Deep Learning with Structure – a preview
A big problem with Deep Learning networks is that their internal representation lacks interpretability. At the upcoming #DeepLearning Summit, Charlie Tang, a student of Geoff Hinton, will present an approach to address this concern - here is a preview.
Charlie Tang is a PhD student in the Machine Learning group at the University of Toronto, working with Geoffrey Hinton and Ruslan Salakhutdinov, whose research interests include machine learning, computer vision and cognitive science. More specifically, he has developed various higher-order extensions to generative models in deep learning for vision.
At the Deep Learning Summit in Boston next month, Charlie will present 'Deep Learning with Structure'. Supervised neural networks trained on massive datasets have recently achieved impressive performance in computer vision, speech recognition, and many other tasks. While extremely flexible, neural nets are often criticized because their internal representations are distributed codes and lack interpretability; during his presentation at the summit, Charlie will reveal how we can address some of these concerns. We had a quick Q&A with Charlie ahead of the Deep Learning Summit, to hear more of his thoughts on developments and challenges in deep learning.
What are the key factors that have enabled recent advancements in deep learning?
The three key factors are:
- The steadfast belief and knowledge that supervised neural networks trained with enough labelled data can achieve great test set generalization.
- The availability of high performance hardware and software, in particular, Nvidia's CUDA architecture and SDK. This allowed more experimentation and the learning from large-scale data.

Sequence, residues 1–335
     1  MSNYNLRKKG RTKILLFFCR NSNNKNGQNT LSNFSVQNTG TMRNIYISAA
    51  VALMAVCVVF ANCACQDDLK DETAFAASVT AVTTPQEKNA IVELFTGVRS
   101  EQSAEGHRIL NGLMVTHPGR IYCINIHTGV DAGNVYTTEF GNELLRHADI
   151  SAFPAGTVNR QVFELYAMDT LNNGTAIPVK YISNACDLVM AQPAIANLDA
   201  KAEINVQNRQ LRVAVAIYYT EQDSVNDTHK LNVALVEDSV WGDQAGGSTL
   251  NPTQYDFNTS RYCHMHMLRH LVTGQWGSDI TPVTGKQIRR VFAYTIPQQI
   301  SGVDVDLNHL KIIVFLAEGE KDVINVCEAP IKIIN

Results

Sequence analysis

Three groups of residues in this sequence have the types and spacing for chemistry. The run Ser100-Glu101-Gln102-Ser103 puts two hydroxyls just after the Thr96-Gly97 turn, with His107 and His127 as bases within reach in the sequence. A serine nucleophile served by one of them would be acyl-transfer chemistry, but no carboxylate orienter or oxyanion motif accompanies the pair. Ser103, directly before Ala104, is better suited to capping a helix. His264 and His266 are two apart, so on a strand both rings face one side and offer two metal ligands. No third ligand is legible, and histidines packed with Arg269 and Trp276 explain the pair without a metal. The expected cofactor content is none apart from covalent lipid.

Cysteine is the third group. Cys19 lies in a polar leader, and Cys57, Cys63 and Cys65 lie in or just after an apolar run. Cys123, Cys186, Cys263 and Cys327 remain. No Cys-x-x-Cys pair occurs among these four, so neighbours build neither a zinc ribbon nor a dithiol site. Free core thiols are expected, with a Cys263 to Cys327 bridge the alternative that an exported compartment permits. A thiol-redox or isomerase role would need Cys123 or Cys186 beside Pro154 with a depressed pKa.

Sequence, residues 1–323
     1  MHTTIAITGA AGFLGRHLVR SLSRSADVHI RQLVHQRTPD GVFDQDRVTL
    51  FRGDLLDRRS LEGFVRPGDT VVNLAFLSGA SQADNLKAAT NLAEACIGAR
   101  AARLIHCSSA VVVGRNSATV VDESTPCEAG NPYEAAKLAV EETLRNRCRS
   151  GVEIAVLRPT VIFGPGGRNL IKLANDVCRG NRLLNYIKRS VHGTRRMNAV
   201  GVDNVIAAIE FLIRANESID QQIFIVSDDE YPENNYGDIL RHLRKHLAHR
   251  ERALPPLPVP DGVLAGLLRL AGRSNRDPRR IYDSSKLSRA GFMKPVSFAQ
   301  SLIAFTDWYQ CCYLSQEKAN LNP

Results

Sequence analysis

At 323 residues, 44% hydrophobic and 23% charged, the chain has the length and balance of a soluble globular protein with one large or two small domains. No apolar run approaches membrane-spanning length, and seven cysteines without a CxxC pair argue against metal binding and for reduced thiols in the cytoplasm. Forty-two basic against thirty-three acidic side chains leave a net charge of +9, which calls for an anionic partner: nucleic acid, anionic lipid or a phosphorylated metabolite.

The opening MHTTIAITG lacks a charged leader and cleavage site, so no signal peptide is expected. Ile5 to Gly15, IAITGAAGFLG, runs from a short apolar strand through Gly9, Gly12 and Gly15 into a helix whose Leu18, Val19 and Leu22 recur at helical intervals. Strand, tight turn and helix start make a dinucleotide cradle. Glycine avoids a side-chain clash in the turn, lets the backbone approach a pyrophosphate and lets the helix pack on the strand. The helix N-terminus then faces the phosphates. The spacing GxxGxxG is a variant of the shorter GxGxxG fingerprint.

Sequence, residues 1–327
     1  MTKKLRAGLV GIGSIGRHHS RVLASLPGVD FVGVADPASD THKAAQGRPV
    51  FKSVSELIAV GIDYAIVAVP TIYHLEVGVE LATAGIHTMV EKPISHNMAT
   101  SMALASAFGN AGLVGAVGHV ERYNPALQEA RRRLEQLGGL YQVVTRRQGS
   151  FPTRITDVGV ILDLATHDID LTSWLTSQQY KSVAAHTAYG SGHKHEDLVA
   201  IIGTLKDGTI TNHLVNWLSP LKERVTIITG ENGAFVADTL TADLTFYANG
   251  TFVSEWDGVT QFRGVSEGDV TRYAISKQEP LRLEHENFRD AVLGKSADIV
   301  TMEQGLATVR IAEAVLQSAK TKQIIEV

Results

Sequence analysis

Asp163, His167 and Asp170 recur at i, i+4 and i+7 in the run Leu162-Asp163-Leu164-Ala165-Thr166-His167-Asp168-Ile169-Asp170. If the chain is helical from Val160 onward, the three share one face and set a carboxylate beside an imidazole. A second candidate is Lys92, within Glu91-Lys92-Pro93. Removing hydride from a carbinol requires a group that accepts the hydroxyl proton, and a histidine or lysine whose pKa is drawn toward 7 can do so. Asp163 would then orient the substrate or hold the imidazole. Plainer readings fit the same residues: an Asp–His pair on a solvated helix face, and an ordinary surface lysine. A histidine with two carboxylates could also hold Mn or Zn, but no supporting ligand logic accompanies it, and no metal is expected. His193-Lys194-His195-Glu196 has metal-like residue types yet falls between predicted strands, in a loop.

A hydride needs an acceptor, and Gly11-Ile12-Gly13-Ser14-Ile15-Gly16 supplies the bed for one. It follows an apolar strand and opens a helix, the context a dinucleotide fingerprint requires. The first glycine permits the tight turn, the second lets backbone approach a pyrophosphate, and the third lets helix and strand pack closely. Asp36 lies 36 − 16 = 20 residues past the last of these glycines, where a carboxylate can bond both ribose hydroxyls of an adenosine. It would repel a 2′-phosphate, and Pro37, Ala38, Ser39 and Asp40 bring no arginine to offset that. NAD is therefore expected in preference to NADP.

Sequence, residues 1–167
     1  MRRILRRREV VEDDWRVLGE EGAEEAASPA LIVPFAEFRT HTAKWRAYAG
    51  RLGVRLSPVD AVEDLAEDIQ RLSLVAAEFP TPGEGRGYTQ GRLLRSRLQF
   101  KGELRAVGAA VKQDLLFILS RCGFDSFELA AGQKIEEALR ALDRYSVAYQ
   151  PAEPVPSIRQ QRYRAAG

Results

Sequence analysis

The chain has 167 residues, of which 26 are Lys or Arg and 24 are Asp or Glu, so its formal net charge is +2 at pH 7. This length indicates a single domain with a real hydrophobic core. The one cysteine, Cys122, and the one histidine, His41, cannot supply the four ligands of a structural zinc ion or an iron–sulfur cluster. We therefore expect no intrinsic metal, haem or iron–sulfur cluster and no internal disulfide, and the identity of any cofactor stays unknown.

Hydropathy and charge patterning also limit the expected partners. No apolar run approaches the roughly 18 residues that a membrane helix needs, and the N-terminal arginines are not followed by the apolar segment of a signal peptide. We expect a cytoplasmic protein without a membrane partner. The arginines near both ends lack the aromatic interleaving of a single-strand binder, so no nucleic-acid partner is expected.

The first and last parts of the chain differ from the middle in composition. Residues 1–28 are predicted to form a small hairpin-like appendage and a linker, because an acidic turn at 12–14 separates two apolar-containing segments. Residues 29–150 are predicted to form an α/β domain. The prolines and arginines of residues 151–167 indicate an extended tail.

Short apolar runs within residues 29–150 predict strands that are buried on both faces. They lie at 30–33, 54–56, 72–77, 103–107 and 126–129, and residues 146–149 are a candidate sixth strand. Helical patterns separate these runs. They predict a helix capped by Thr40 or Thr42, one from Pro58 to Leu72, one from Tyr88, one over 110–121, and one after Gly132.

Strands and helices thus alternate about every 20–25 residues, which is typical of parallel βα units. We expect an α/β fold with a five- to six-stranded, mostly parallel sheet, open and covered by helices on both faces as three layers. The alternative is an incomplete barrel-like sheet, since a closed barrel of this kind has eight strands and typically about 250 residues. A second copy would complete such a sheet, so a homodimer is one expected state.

- The development of superior models: switching to rectified linear hidden units from the sigmoid or hyperbolic tangent units and the invention of regularization techniques, specifically "Dropout".
What are the main types of problems now being addressed in the deep learning space?
Almost all problems in statistical machine learning are currently being investigated using deep learning techniques. They include visual and speech recognition, reinforcement learning, natural language processing, medical and health applications, financial engineering and many others.
What are the practical applications of your work and what sectors are most likely to be affected?
The deep learning revolution allows models trained on big data to drastically improve accuracy. This means that many artificial intelligence recognition tasks can be now automated, which previously necessitated a human in-the-loop.
What developments can we expect to see in deep learning in the next 5 years?
Deep learning algorithms will be gradually adopted for more tasks and will "solve" more problems. For example, 5 years ago, algorithmic face recognition accuracy was still somewhat worse than human performance. However, currently, super-human performances are reported on the main face recognition dataset (LFW) and the standard image classification dataset (Imagenet). In the next 5 years, harder and harder problems such as video recognition, medical imaging or text processing will be successfully tackled by deep learning algorithms. We can also expect deep learning algorithms to be ported to commercial products, much like how the face detector was incorporated into consumer cameras in the past 10 years.
What advancements excite you most in the field?
I feel like the most exciting advance is the availability of low-energy mobile hardware that supports deep learning algorithms. This will inevitably lead to many real-time systems and mobile products which will be a part of our daily lives.
The Deep Learning Summit is taking place in Boston on 26-27 May. For more information and to register, please visit the event website here.
Join the conversation with the event hashtag #reworkDL
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